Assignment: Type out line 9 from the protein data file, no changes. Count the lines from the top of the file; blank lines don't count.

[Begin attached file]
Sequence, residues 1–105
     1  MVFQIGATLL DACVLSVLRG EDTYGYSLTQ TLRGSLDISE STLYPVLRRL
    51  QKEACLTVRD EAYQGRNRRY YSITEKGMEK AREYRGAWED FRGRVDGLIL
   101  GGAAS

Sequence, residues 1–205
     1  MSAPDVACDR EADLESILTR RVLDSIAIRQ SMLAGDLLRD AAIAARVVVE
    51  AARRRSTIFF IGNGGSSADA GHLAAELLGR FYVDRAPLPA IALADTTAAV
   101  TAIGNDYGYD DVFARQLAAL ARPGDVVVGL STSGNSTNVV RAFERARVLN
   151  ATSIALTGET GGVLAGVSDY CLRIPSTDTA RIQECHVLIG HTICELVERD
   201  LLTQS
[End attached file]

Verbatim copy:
   151  ATSIALTGET GGVLAGVSDY CLRIPSTDTA RIQECHVLIG HTICELVERD